We all know that
safety is everything, and that is no truer when it comes to cycling.
There are a few types of cyclist out there, those who often think that
as they're just going the same route every day that they need no safety
equipment, those who preach the safety of wearing every type of pad,
glove and helmet under the sun, and those like me, who know what you
need to keep your head from turning to mush if you have an accident. So
here's a list of recommendations for things to carry or wear for your
Now, a helmet doesn't have to look fancy or aerodynamic, if you're
riding a bike pulled from a skip, you're probably not going to ride like
you're on the Tour de France (and if you are, erm, have fun!!!). You can
get decent helmets pretty cheap, but make sure they are marked with
safety regulations, if not, it's not safe and could be more dangerous
than they look. If you damage your helmet, replace it, damaged helmets
are no good and may not save your life in the event of an accident.
Knee and Elbow pads:
While not totally essential, they are very much recommended, if your
tyres slip on a patch of oil or ice on the road and you go sideways,
having pads can prevent you losing your flesh, my brother once came off
his bike (he actually blacked out) and he shaved his skin on the road
right down to the bone on one of his elbows, all because he had no pads.
Again, these can be bought pretty cheaply, and don't need to carry
safety certification like helmets.
"Gloves???" I hear you say, yes, gloves, they're bluddy handy when
cycling!!! On hot days, fingerless gloves can help you grip the
handlebars when your hands are sweating like Niagara falls, and on
colder days, they stop you losing functionality when you need it
(brakes, gears, fingering that stupid driver who can't see the wood for
the trees!!!). In colder climates, mittens are also very useful, don't
know why for sure but that's what I've read.
Water/drinks bottle &
Very much an essential, carrying fluids when cycling is most definitely
needed as when you sweat, you lose water, so you can replace that with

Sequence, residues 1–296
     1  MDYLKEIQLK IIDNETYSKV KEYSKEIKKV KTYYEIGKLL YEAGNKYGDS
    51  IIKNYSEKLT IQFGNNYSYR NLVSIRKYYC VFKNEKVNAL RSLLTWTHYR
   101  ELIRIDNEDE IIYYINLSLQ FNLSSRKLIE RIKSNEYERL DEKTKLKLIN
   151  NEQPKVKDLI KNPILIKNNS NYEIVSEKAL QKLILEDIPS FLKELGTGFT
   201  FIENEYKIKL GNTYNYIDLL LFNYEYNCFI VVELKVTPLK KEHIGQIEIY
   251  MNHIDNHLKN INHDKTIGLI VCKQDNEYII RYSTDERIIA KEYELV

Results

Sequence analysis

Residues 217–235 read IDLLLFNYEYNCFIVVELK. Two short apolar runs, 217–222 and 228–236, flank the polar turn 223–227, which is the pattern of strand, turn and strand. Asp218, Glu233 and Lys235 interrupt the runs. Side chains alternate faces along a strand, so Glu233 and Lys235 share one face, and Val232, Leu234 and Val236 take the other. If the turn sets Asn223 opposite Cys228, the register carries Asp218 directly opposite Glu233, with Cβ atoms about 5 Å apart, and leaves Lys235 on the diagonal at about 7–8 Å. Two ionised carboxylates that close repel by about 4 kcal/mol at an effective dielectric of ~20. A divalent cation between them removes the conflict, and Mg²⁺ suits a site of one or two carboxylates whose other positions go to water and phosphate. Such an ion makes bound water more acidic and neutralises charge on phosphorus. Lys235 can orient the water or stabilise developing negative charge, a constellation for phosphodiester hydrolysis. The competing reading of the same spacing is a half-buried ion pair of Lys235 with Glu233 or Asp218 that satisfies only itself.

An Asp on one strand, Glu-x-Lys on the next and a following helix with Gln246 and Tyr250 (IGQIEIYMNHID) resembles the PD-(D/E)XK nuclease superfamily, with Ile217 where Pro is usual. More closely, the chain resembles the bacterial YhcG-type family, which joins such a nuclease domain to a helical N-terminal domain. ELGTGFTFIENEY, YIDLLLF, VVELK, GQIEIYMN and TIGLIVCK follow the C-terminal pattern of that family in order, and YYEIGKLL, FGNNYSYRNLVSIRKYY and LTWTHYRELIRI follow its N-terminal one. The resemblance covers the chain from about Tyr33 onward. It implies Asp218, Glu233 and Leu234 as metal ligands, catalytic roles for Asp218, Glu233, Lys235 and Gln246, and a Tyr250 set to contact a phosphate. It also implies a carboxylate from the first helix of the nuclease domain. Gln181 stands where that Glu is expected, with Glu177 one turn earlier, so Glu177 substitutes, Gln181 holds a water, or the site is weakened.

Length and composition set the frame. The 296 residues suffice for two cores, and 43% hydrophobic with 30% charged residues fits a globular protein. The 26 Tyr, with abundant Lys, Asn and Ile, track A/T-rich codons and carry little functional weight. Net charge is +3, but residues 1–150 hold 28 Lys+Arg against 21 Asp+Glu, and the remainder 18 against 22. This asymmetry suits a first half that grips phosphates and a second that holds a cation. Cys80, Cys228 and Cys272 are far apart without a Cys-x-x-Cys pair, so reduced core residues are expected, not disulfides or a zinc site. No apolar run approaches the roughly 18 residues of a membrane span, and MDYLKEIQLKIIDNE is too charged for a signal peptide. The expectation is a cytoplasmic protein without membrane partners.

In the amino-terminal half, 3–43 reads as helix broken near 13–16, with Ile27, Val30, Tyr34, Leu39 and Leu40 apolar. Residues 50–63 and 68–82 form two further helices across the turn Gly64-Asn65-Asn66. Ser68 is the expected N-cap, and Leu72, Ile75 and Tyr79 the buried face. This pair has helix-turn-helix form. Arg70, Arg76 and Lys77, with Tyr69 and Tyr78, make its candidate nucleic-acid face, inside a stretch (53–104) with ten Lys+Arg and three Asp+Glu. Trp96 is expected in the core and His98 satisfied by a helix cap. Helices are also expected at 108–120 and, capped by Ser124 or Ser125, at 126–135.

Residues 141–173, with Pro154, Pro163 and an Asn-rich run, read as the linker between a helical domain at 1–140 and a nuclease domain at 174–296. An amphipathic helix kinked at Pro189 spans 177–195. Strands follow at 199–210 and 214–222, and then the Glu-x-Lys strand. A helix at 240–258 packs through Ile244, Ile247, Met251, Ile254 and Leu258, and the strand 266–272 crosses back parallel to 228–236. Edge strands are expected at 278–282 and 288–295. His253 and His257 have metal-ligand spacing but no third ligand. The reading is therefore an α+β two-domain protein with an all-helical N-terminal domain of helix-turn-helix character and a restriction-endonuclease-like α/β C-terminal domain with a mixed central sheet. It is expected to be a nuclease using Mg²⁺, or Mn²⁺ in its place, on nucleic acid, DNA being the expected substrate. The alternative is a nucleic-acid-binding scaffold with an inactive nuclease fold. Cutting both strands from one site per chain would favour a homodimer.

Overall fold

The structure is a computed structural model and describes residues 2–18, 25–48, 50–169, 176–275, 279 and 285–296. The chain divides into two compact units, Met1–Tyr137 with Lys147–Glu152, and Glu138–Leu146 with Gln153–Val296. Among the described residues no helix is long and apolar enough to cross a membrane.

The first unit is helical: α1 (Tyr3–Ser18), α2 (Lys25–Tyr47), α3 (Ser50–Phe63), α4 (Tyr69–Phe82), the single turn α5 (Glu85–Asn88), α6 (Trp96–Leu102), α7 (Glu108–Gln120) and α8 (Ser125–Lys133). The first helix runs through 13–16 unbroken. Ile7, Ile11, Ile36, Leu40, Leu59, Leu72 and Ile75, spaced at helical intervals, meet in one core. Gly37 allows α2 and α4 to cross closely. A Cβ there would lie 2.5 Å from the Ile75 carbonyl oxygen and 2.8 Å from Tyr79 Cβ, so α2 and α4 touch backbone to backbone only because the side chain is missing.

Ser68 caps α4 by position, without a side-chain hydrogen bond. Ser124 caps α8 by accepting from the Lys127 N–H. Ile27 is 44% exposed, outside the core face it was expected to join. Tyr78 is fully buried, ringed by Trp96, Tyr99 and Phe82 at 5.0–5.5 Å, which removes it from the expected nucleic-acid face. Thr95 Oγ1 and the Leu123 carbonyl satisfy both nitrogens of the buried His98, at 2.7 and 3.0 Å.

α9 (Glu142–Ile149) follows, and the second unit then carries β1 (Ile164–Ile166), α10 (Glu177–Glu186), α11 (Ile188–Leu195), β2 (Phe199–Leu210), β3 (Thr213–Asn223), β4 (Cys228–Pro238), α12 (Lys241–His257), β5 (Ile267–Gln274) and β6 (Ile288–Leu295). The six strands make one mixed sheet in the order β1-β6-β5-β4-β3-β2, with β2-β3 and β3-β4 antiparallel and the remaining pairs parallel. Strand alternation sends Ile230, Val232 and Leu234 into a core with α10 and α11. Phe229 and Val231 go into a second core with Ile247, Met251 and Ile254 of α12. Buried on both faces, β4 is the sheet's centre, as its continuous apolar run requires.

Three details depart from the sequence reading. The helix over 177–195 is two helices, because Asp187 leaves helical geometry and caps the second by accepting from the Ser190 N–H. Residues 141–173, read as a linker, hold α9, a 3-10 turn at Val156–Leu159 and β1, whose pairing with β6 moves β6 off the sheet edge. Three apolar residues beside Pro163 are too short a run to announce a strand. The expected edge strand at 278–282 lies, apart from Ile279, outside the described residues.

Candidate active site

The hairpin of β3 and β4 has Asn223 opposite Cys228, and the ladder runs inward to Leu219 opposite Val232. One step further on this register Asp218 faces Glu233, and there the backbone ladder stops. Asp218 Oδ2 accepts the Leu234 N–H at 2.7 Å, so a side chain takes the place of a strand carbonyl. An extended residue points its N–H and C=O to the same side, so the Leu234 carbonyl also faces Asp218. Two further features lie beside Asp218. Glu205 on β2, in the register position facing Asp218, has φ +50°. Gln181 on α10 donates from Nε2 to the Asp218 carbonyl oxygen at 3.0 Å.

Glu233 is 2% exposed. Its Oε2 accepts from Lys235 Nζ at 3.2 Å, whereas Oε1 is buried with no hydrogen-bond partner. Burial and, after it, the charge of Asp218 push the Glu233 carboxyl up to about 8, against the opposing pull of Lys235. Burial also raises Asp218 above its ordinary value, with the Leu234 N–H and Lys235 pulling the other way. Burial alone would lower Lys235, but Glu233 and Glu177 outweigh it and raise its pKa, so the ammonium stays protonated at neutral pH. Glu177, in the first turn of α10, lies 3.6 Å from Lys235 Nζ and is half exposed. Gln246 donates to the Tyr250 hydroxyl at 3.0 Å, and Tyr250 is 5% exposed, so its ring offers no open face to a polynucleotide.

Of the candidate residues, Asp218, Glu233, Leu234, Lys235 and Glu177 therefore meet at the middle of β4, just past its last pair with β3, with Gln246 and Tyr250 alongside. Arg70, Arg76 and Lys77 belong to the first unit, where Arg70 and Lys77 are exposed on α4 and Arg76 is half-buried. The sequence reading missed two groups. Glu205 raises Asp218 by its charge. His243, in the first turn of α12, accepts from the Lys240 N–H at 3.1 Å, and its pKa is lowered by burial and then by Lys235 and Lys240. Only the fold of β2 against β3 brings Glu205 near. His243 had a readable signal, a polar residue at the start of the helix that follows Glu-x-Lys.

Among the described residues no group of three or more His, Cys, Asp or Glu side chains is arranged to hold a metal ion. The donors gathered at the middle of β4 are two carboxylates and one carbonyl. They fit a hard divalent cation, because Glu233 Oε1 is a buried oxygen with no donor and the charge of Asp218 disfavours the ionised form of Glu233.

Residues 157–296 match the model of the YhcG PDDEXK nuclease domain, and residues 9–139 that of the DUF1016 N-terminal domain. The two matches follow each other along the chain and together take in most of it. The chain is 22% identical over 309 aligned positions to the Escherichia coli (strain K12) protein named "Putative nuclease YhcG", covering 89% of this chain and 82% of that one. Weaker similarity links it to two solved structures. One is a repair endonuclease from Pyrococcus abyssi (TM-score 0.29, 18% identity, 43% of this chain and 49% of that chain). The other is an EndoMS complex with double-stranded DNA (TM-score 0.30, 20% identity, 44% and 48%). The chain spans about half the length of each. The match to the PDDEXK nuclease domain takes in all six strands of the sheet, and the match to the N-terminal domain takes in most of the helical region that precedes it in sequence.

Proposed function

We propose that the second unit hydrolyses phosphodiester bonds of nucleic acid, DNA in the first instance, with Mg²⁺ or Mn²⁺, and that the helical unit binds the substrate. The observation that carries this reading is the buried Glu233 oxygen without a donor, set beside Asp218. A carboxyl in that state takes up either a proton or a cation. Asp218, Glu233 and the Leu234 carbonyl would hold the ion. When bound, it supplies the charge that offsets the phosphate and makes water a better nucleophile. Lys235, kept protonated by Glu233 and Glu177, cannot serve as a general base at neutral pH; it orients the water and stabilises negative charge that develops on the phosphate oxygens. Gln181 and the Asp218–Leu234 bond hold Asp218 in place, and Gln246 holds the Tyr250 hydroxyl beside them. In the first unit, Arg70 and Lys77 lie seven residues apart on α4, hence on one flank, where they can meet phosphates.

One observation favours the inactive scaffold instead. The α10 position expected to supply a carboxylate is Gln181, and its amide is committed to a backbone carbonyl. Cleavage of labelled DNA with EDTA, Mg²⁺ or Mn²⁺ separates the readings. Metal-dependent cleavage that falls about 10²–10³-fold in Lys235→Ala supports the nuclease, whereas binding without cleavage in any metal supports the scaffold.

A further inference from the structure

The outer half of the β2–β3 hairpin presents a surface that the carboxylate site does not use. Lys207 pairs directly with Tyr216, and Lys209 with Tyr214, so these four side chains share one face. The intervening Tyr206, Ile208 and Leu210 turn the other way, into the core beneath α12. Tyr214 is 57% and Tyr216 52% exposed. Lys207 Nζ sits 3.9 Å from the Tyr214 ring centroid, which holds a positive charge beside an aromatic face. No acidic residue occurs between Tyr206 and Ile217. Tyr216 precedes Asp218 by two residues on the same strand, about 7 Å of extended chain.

the water, or whatever you put in there, you carry in your bottle. Also,
having a frame to carry your bottle is very useful as you can keep
moving while you grab a drink, but it takes some practise so that you
don't slam into a wall or something!!!
Tools & spares:
Essential if you like cycling for hours on end. Taking a small toolkit
(including a chain splitter!!!) with you can save an embarrassing walk
home if your gear shifter cable comes loose or your seat falls off (it
happens!!!). Also spares are essential, innertubes, a puncture repair
kit, gear and brake cables, brake pads, screws/bolts & nuts, aswell as
other things that escape my mind at the moment. Also, familiarise
yourself in how to repair potential faults, this will help in getting
you back on the move quickly.
Lights & reflectors:
Battery or dynamo, they are essential for night time cycling, and there
are a lot out there, from the cheap incandescent, to the super Luxeon
LED!!! But, all you need is a white light for the front, and a red light
for the rear. Personally, I have a cheap LED torch zip-tied onto the
handlebars, it's bright enough to see in dark places, and is enough so
that a driver can see you're a moving object (coupled with the white
reflector(s) you SHOULD have). On the rear, a steady red light is best,
flashing red lights, although great for attracting attention, can be too
much of a distraction for some drivers, plus you never know if the
lights might cause an epileptic seizure in some people. Prices vary on
light kits, so look around for what you thing is the best. See the "Be
safe, be seen" page for more info.
Now, there are shoes, and there are shoes. You can get specialised
cycling shoes which clip onto your pedals, which prevents slipping, but
they require you to modify the bike, in my opinion, decent trainers or
boots are fine for just cycling about, your pick of course.
Not entirely essential, but very useful in an emergency.
For regular cycling, don't use your shiny new Samsung or HTC smartphone,
get yourself a cheap, basic phone and a Pay As You Go SIM card, I have a
couple of phones myself, one is my main, fancy shiny phone that I play
with a lot, and use it for SatNav too, but, I also take an old Motorola
TimePort which is pretty basic, but small and light, and has a GiffGaff
SIM fitted, the battery lasts for a long time despite it's age, and I
wouldn't be without it when using my bike.
You can order a
Free GiffGaff SIM card here, which gives you £5 credit free when you
order through this link:
Very much an optional. Indicators are useful if you're not confident in
sticking your arms out or it is dangerous to do so (fast traffic, silly
pedestrian not looking, a tree you didn't see, etc.). Like the lights,
there are many out there to buy, or you could actually make your own
HERE!!!). I'm doing the latter using a similar setup to the link